I just realized something that I thought I would share with others. I’ve been trying to configure latency using jack_iodelay and realized that part of my problems with latency and xruns on linux have been due to kernel settings. I tried adding the “nohz=off” boot line and now measured latency is consistent and many fewer xruns. Try it…
Example 1 (dynamic ticks enabled as default kernel):
-Running jack_iodelay the measured latency continues to rise in small amounts as it runs (sorry didn’t copy it). Taking one of the values after running for 10 seconds or so leads to a value that is too high throwing off the latency calcs. for example may be it starts initially around 47ms, but after 15 seconds it might be at 52ms. I also get many more xruns running default config.
Example 2 (dynamic ticks enabled as default kernel):
-Running jack_iodelay the measured latency is consistent. e.g
2108.529 frames 47.812 ms
2108.530 frames 47.812 ms
2108.531 frames 47.812 ms
This is my latest setting and works pretty well today:
/usr/bin/jackd --sync -P85 -dalsa -r44100 -p1024 -n2 -D -Chw:M1010LT -Phw:M1010LT -I30 -O30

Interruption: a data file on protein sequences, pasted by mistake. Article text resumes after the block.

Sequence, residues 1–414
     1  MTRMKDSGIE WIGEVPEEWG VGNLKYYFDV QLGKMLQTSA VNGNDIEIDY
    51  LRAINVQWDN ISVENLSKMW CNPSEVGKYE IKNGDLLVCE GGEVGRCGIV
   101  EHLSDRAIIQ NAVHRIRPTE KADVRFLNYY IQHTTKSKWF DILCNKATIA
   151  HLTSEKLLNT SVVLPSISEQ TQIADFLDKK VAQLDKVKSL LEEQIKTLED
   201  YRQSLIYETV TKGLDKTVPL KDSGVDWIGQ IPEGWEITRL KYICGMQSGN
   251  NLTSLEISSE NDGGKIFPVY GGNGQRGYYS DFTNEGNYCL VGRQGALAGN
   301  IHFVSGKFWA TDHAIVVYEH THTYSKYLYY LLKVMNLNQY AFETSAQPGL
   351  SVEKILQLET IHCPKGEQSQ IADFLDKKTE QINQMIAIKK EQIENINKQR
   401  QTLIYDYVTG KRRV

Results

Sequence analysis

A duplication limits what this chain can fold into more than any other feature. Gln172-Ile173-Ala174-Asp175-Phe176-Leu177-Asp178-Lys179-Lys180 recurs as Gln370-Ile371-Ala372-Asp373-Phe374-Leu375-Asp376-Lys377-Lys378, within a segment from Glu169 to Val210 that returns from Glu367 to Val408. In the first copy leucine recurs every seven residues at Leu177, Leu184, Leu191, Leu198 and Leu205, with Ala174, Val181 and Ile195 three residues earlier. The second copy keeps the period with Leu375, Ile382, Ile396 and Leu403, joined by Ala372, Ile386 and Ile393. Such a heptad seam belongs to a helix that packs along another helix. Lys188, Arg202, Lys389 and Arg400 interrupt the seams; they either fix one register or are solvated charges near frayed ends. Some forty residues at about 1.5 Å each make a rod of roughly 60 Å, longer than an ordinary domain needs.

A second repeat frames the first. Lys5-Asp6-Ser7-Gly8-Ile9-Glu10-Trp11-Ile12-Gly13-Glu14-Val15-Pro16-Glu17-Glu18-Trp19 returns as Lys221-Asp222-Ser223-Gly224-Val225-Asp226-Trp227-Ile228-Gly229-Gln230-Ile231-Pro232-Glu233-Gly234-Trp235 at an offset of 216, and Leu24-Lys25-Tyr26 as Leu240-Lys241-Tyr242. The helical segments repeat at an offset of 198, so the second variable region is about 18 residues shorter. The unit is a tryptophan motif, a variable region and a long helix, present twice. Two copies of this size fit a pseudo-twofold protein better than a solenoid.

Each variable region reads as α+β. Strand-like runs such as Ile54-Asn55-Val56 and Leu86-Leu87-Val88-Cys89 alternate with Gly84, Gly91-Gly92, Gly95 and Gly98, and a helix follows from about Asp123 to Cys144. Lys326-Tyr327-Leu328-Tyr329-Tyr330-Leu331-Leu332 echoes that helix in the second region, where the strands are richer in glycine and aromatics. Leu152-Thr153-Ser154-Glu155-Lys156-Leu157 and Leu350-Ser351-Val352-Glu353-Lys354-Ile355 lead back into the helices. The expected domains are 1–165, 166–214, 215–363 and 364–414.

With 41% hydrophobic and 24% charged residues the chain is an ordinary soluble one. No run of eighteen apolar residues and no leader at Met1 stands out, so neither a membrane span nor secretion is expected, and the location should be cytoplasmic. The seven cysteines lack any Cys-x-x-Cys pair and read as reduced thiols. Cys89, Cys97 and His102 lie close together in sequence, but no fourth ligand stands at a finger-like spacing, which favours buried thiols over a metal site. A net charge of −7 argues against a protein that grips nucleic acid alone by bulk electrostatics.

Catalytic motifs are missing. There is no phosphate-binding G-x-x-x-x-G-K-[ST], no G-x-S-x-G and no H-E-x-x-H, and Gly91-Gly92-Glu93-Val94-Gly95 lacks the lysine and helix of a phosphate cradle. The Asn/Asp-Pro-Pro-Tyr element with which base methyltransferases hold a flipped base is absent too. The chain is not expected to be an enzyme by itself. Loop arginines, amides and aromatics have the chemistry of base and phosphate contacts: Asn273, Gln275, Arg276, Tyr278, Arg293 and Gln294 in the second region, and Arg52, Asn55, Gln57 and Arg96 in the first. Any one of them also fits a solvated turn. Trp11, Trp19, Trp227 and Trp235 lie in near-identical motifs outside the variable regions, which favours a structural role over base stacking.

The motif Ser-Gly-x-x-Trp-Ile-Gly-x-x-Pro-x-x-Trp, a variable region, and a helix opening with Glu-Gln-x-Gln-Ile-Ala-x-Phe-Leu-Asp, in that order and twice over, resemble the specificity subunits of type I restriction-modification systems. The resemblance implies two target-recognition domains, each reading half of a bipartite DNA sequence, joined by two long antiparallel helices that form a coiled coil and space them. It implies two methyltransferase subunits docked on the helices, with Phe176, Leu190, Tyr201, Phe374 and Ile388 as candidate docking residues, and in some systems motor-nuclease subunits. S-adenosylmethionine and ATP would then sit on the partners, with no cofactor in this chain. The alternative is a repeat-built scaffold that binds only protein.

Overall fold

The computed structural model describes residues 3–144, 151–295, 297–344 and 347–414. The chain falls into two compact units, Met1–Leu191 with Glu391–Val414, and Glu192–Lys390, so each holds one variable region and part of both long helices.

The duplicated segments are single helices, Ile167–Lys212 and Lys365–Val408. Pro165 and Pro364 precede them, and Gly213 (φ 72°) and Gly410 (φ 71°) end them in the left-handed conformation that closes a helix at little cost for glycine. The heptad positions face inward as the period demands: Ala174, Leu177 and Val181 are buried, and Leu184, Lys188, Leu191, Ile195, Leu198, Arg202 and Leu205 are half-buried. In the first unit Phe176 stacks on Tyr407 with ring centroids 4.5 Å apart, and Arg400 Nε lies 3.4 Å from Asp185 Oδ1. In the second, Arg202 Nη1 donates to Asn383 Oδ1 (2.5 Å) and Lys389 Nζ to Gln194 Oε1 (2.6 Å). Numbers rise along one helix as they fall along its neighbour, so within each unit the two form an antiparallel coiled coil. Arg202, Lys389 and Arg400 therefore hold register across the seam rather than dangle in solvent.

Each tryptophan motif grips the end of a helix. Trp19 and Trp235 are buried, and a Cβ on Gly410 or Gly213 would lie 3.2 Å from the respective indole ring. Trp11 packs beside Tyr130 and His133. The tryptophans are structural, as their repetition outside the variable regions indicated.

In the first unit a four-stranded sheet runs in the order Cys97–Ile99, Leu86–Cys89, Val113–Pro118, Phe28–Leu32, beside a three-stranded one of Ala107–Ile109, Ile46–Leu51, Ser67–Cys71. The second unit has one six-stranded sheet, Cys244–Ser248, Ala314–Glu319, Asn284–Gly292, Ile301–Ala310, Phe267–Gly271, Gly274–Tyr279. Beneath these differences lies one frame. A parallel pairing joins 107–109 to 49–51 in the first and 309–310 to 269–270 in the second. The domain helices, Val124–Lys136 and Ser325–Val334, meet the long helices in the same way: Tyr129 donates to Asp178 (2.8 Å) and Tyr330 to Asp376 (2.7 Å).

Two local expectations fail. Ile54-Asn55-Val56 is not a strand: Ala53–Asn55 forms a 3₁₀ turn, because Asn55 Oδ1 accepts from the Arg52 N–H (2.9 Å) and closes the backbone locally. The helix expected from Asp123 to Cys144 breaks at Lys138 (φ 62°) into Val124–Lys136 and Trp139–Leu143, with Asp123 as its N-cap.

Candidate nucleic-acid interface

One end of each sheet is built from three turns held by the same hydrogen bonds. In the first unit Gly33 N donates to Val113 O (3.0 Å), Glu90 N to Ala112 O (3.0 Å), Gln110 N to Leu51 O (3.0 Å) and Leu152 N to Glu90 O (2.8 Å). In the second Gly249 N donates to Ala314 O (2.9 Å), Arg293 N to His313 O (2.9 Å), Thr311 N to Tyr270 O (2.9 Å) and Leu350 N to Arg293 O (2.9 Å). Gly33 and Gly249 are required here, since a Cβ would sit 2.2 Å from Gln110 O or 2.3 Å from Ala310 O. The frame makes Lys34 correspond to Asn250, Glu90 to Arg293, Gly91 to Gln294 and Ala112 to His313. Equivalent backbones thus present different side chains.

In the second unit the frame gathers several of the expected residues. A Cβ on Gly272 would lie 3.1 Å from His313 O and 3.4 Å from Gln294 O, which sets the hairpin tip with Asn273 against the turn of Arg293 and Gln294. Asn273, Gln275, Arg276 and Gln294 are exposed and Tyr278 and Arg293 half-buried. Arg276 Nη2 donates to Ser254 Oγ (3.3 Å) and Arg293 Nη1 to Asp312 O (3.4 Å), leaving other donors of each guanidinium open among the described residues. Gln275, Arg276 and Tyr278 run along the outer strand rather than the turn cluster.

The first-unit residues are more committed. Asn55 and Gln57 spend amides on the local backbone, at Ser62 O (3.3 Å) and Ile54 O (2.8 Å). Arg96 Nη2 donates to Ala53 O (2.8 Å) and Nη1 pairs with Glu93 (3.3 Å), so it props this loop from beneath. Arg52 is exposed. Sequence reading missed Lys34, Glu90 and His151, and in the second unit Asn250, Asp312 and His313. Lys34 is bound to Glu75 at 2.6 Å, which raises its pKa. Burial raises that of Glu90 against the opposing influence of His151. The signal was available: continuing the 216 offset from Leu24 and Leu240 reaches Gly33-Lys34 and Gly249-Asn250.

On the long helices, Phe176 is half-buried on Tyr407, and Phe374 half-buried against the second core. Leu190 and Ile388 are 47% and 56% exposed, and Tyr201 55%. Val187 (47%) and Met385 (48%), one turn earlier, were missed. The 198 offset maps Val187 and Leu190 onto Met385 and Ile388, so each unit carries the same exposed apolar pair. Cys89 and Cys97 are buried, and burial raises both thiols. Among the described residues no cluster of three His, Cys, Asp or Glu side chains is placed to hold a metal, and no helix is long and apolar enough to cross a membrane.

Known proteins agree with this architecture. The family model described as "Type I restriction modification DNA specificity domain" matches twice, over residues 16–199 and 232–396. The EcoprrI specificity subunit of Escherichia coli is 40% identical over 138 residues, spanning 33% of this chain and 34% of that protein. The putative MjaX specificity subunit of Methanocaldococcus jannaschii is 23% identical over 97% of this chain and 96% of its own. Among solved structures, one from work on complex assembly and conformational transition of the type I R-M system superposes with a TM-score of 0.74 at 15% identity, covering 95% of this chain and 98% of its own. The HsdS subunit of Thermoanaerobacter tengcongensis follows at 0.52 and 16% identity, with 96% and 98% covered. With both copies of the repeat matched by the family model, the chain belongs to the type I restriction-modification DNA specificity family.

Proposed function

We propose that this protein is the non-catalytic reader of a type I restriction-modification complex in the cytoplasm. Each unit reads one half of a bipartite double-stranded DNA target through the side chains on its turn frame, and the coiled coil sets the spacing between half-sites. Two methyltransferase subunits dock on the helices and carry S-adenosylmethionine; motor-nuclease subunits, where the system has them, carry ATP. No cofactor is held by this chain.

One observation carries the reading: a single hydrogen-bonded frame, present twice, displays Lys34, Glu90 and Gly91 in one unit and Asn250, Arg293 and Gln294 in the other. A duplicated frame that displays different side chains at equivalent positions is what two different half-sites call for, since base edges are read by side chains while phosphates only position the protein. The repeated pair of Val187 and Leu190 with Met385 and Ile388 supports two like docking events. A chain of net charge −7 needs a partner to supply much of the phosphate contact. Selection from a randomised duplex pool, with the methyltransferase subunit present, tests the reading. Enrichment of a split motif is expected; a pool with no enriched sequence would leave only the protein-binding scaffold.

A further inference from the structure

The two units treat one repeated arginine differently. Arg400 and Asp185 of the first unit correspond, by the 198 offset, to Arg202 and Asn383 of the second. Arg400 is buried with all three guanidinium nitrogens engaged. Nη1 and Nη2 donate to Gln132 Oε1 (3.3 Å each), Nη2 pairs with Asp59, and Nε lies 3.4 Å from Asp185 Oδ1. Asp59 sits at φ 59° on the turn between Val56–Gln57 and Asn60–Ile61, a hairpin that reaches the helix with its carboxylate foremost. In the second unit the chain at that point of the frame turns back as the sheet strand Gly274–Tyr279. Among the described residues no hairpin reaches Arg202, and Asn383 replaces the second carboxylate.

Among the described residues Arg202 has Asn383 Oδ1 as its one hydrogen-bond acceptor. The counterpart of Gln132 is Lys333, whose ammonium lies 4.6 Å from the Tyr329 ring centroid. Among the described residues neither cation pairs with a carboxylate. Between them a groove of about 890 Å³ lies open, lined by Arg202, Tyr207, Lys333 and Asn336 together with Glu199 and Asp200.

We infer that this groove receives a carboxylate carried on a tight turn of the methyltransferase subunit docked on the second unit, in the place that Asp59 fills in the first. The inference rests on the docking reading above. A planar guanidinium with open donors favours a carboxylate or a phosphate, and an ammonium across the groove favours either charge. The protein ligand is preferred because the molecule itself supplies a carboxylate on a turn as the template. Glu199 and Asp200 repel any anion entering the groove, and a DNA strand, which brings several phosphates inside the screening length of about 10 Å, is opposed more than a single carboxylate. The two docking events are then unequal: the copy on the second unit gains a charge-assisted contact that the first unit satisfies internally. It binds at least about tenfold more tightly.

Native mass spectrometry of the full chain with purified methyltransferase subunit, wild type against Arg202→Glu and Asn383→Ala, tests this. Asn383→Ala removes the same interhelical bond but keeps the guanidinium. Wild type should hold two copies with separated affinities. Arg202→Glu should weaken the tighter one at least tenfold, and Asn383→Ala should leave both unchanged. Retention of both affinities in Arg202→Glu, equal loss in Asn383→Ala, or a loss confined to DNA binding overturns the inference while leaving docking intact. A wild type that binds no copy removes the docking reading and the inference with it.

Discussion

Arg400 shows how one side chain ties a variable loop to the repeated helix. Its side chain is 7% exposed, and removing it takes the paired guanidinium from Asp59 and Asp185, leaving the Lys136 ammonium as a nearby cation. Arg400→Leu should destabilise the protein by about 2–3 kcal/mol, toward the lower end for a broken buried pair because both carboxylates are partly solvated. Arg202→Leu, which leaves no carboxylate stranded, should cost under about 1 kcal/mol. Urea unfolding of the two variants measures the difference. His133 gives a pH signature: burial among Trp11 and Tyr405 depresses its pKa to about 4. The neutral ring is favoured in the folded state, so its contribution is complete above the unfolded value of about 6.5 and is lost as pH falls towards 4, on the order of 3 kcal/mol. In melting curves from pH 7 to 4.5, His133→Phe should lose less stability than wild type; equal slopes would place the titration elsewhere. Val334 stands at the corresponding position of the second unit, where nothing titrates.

I used the following formula for my use (2108.53-(1024*2))/2=~30 [sync mode]
As a side effect, there is noticeably more power consumption with this. Using the default kernel setting, power use at idle is 73 Watts and processor fans run less (very quiet, fan barely runs). Whereas with nohz=off option the idle power is 95 Watts, a few more degrees on the cpus and fan noise is more noticeable.
This is on Fedora 15 x86-64, but it probably applies to others. My guess is that it is motherboard related and or kernel related within the last year or so. Its a homebuilt intel i5 quad. I get poor xrun performance on other distro live cds so I’m not going to blame my trusty Fedora just yet.
Hope this helps someone. Geoff